Identifying and classifying indicators affected by performing clinical pathways in hospitals: a scoping review

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Abstract

Aim:

To analyse the evidence regarding indicators affected by clinical pathways (CPW) in hospitals and offer suggestions for conducting comprehensive systematic reviews.

Methods:

We conducted a systematic scoping review and searched the Cochrane Central Register of Controlled Trials (CENTRAL), Web of Science, Scopus, OVID, Science Direct, ProQuest, EMBASE and PubMed. We also reviewed the reference lists of included studies. The criteria for inclusion of studies included experimental and quasi-experimental studies, implementing CPW in secondary and tertiary hospitals and investigating at least one indicator. Quality of included studies was assessed by two authors independently using the Critical Appraisal Skills Program for clinical trials and cohort studies and the Joanna Briggs Institute Critical Appraisal Tool for Quasi-Experimental Studies.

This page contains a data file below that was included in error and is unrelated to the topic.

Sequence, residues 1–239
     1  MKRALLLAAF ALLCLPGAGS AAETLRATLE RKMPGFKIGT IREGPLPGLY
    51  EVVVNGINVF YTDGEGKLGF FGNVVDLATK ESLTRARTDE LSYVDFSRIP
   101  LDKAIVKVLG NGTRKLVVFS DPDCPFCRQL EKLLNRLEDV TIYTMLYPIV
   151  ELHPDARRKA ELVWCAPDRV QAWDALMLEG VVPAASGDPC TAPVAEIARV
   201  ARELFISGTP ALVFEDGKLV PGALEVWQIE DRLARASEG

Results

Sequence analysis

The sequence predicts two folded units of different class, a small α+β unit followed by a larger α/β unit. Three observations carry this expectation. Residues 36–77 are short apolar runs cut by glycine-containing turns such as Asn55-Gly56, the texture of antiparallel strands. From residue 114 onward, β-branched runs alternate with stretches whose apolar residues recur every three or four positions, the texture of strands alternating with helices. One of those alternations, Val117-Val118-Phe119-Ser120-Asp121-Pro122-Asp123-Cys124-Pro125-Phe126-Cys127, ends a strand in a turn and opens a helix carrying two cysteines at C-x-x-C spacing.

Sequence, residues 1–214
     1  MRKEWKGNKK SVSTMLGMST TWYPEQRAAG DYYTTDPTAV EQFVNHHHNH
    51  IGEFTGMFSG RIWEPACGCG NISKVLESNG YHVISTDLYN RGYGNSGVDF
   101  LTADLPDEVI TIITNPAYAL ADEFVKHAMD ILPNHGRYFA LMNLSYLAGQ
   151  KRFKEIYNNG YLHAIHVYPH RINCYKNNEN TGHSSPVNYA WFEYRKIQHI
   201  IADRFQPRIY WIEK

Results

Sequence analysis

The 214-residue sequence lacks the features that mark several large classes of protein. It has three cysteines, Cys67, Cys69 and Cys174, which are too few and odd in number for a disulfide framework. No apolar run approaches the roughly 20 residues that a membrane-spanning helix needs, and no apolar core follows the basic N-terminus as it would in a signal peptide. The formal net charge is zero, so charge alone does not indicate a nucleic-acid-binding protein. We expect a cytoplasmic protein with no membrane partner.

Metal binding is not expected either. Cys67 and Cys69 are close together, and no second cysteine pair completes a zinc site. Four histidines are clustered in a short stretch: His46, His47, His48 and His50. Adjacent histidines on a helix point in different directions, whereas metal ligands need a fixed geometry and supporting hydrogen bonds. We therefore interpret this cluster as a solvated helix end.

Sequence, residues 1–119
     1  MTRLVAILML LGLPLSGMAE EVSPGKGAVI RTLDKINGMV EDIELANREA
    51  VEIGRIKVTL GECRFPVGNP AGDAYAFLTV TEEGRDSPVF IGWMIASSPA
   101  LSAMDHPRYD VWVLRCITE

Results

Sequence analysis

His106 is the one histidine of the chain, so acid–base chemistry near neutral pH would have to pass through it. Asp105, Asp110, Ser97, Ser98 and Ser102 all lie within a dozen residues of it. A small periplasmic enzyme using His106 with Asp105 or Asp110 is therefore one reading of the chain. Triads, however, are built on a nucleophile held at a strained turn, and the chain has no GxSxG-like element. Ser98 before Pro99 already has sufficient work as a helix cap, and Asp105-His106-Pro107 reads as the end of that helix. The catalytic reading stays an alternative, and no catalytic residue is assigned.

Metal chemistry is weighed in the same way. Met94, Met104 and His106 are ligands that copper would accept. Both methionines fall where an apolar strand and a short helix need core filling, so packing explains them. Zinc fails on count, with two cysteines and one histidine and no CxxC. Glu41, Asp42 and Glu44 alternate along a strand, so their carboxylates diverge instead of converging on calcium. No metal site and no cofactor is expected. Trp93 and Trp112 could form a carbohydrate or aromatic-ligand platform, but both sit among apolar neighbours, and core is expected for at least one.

Results:

Forty-seven out of 2191 studies met the eligibility and inclusion criteria. The majority of included studies had pretest–posttest quasi-experimental design and had been done in developed countries, especially the United States. The investigation of evidence resulted in identifying 62 indicators which were classified into three categories: input indicators, process and output indicators and outcome indicators. Outcome indicators were more frequent than other indicators. Complication rate, hospital costs and length of hospital stay were dominant in their own category. Indicators such as quality of life and adherence to guidelines have been considered in studies that were done in recent years.

Conclusion:

Implementing CPW can affect different types of indicators such as input, process, output and outcome indicators, although outcome indicators capture more attention than other indicators. Patient-related indicators were dominant outcome indicators, whereas professional indicators and organizational factors were considered less extensively.

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